Journalism Entrepeneurs

On September 20, the New York Graduate School of Journalism announced the founding and funding of the Tow-Knight Center for Entrepreneurial Journalism. Wait a minute, Entrepreneurial Journalism?

Recently, journalists agree that it is essential in today’s world to understand the economics of news. Some journalists and journalism professors, such as Jeff Jarvis, believe it was irresponsible of journalism institutions not to teach this in the past. Entrepreneurial journalism stresses the importance of bringing entrepreneurship into the industry. Entrepreneurial journalism classes and programs are being implemented at colleges and universities across the country. Some programs concentrate more on new entrepreneurial ventures, others more on bringing innovation into existing companies. While some critics say journalists aren’t cut out to be entrepreneurs, entrepreneurship is a way to teach both innovation and business to journalism students, making them more well-rounded.

The Tow-Knight Center for Entrepreneurial Journalism claims to:

“- Establish the country’s first MA degree in entrepreneurial journalism for our students and also offer certificates in the field for mid-career professional journalists.

– Continue our research in new business models for news, following on our work last summer in the new ecosystem of local news.

– Help create new enterprises in news.”

According to Jeff Jarvis, this all comes from an optimism about the future of journalism. Jarvis explains:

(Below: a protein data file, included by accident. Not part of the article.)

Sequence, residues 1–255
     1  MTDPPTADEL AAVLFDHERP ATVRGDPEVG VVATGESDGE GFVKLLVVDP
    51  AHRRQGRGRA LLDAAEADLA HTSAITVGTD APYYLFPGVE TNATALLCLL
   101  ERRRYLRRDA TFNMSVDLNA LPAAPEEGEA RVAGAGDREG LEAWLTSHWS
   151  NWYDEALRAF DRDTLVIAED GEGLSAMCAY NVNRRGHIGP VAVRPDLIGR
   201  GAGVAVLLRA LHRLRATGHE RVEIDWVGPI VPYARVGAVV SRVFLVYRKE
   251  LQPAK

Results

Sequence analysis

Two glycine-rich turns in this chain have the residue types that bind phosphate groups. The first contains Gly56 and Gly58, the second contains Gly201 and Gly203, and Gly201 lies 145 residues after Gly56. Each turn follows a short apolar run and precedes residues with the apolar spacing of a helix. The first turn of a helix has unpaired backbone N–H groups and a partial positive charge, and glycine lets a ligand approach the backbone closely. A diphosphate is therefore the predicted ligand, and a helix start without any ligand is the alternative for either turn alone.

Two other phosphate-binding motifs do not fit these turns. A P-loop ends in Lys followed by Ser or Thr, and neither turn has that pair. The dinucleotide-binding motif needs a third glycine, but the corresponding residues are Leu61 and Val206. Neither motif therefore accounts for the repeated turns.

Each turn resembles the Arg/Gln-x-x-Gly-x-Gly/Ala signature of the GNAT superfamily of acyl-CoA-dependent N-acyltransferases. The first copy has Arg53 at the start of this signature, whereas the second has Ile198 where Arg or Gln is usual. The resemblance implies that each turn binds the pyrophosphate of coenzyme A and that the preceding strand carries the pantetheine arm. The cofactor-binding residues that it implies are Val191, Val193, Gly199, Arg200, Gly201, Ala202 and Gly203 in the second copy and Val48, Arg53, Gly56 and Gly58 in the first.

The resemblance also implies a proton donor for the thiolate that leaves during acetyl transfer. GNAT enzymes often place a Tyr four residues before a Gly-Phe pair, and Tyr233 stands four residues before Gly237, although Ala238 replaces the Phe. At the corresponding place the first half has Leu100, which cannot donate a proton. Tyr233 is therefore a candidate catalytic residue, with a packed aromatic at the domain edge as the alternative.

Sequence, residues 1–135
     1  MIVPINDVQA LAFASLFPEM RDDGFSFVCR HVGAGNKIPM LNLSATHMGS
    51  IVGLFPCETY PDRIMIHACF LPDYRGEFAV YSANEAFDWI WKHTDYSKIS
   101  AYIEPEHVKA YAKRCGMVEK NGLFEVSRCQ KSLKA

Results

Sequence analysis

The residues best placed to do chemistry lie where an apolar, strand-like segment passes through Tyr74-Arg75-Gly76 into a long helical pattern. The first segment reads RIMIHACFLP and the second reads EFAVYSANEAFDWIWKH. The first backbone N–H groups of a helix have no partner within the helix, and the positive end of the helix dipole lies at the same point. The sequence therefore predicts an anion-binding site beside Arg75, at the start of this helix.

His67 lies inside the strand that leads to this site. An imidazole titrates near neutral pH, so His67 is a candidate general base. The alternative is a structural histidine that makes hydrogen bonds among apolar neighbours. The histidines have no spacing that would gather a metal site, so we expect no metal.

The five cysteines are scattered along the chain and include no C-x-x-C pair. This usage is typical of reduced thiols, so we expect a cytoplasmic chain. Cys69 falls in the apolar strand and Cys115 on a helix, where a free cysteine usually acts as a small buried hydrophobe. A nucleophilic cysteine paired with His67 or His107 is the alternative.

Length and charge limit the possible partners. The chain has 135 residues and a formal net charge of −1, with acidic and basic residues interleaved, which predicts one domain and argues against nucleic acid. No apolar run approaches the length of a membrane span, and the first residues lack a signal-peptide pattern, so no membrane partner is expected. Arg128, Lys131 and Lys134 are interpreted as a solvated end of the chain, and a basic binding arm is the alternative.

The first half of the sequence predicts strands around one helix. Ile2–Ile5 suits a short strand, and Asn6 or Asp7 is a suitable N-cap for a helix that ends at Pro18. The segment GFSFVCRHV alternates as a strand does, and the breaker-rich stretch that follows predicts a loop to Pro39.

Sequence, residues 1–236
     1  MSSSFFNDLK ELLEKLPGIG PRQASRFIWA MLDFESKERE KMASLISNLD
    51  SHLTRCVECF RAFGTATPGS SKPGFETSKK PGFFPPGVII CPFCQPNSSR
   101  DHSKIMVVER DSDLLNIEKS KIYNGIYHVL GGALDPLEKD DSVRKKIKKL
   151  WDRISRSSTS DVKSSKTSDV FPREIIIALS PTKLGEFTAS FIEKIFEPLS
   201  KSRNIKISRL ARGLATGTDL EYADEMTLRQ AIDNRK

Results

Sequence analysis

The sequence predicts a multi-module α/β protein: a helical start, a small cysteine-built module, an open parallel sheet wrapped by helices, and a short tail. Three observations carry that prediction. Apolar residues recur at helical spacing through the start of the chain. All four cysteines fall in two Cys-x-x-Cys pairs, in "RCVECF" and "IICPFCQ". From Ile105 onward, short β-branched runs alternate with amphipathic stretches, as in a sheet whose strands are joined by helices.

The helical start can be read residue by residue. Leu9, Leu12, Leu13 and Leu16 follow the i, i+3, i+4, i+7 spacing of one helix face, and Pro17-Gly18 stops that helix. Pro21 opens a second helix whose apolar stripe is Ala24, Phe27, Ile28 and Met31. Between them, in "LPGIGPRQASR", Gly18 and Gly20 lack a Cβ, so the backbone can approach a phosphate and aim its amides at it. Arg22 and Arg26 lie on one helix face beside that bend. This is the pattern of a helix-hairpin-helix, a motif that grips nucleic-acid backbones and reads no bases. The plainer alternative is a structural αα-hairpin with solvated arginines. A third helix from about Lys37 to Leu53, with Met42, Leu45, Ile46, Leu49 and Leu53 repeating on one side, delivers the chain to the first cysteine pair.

“That’s why I’ve been teaching entrepreneurial journalism — with seven students’ businesses in development now with a total of $100,000 in seed funding — and why we are expanding that into a degree and certificate program to prepare journalists to start and run businesses and make journalism sustainable. That’s why we will continue to bring concrete specifics to the discussion about new business models for news. And that’s why we will help create those businesses in and out of the school. We will also help lead the movement to teach journalists to be entrepreneurs at other schools.”

As a journalism student at Quinnipiac, I would love to take a class like this. Recently, one of my previous professors informed me that he is trying to design new journalism elective, based on entrepreneurial journalism. The class will be taught by a journalism professor and a business professor. Students from the business school and communications school will work cooperatively to create a media outlet. I’m not sure of the specifics, but I think a class like this at Quinnipiac would be a great asset to our journalism curriculum.

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